Here is the program:

int i,n;
double v_in[20+1],v_out[20+1];

cout << "\ninput n ? ";
cin >> n;

for(i=1;i<=n;i++) {
    cout << "input v_in[" << i << "] ? ";
    cin >> v_in[i];

// reverse v_in and store the result in v_out
for(i=1;i<=n;i++) {
    v_out[i] = v_in[n-i+1];

cout << "\nn = " << n;

cout << "\n\nv_in = ";
for(i=1;i<=n;i++) {
    cout << "\n" << v_in[i];

cout << "\n\nv_out = ";
for(i=1;i<=n;i++) {
    cout << "\n" << v_out[i];

cout << "\ndone.\n";

return 0; }

Now in the Section in Bold, there's a part where he does this
v_out[i] = v_in[n-i+1]
What is the significance of n-i+1?? How does this reverse v_in???
Please help??

Edited by Nick Evan: Fixed formatting

7 Years
Discussion Span
Last Post by momike205

A. please put code inside code tags, that makes it more readable.

B. In answer to your question, I'd ask you to work it out by hand. When i is 1, what is the index v_in and v_out? When you answer that, I think you'll see the significance of the statement.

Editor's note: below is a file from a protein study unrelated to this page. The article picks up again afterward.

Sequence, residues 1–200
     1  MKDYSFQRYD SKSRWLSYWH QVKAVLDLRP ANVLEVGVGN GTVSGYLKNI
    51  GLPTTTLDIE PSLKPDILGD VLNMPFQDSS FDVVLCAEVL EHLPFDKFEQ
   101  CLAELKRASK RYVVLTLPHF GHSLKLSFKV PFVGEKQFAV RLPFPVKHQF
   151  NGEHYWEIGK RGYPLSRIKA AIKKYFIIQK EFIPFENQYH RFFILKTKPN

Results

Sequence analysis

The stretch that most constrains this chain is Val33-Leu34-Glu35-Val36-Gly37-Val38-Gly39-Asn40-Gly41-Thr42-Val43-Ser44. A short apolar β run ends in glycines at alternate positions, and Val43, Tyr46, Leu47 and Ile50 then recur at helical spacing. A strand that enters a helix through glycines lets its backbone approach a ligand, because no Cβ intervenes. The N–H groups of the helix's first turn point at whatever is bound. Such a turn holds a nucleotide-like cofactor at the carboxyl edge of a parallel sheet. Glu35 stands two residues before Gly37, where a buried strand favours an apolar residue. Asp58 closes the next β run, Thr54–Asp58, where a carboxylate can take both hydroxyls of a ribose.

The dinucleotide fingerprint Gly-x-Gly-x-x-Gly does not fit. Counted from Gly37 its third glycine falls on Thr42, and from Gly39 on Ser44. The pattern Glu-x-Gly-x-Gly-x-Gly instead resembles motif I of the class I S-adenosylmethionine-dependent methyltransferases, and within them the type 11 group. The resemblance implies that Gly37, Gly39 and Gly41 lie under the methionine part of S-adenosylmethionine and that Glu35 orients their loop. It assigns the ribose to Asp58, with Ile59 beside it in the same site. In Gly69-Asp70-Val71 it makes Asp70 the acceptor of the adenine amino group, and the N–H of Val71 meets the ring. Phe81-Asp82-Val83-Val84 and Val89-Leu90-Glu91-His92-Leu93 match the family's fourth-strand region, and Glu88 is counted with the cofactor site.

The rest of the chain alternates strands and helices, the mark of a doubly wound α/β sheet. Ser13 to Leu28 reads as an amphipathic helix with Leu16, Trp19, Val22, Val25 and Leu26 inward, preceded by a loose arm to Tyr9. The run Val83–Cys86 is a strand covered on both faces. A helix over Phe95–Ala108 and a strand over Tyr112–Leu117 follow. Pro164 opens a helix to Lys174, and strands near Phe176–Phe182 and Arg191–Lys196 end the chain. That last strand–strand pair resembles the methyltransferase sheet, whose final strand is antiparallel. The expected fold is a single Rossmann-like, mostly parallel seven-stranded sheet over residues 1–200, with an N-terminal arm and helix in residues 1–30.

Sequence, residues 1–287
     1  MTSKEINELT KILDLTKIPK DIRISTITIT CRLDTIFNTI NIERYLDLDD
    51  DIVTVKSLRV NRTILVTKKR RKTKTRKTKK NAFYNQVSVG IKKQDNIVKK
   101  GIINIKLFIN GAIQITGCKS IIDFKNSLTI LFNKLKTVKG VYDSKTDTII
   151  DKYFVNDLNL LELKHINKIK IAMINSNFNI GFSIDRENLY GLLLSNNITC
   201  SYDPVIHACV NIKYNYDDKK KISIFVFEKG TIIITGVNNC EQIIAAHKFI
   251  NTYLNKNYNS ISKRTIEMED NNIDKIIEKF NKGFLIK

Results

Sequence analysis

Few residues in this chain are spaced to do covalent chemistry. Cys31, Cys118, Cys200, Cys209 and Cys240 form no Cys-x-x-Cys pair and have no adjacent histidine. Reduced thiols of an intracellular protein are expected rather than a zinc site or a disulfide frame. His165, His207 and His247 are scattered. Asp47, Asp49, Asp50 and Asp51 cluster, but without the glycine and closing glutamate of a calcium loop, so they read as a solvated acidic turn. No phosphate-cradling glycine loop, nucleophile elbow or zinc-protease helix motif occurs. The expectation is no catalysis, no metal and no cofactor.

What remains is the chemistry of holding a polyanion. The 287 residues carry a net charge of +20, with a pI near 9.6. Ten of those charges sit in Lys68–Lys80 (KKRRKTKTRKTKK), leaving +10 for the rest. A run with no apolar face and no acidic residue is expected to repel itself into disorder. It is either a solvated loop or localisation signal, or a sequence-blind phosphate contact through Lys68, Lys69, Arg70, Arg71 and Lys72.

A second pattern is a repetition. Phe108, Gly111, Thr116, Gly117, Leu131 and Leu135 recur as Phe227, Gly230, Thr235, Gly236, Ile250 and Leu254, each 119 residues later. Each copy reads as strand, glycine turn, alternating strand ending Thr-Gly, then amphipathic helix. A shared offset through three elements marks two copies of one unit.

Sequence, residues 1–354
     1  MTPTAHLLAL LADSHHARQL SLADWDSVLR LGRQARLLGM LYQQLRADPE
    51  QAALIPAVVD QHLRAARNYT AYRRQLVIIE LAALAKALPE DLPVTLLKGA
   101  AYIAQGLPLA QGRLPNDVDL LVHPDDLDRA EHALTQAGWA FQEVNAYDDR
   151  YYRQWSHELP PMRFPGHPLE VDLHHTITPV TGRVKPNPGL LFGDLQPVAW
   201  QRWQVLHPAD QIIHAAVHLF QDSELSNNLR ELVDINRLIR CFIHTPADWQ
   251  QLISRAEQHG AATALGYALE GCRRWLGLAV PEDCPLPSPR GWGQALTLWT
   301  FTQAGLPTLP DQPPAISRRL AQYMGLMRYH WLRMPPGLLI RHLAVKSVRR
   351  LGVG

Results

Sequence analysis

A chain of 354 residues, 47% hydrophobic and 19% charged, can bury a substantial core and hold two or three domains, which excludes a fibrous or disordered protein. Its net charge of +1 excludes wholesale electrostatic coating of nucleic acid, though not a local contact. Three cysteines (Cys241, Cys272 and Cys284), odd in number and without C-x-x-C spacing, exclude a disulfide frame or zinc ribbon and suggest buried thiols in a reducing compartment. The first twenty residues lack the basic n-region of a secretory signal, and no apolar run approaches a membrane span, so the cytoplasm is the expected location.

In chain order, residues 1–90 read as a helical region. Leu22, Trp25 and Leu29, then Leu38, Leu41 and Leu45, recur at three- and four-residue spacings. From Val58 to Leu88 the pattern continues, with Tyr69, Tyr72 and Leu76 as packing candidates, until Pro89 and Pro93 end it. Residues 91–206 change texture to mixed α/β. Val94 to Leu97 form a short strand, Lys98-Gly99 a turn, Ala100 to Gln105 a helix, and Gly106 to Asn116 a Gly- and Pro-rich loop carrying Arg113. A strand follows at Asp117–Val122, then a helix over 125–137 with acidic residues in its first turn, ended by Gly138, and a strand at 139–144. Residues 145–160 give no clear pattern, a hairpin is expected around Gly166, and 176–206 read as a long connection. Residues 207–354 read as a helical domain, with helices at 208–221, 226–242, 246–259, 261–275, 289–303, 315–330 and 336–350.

*Use code tags while posting.

*Take an example of n=10; then single step through the for loop of the code to understand the working of the code:
for the first time in the loop:
i = 1 then n-i+1= 10, hence v_out[1] is assigned the value v_in[10]. for the second time in the loop:
i = 2 then n-i+1= 9, hence v_out[2] is assigned the value v_in[9]. and so on

* A point to remember , if an array contains say 5 elements, int a[5]; then the first element in C and C++ is a[0] and the last element is a[4] . I am not sure if you have intentionally avoided using the zeroth element.


ya it was on purpose to start at 1
but thank u very much guys, i understand it... So helpful and quick!
Awesome! :)

This topic has been dead for over six months. Start a new discussion instead.
Have something to contribute to this discussion? Please be thoughtful, detailed and courteous, and be sure to adhere to our posting rules.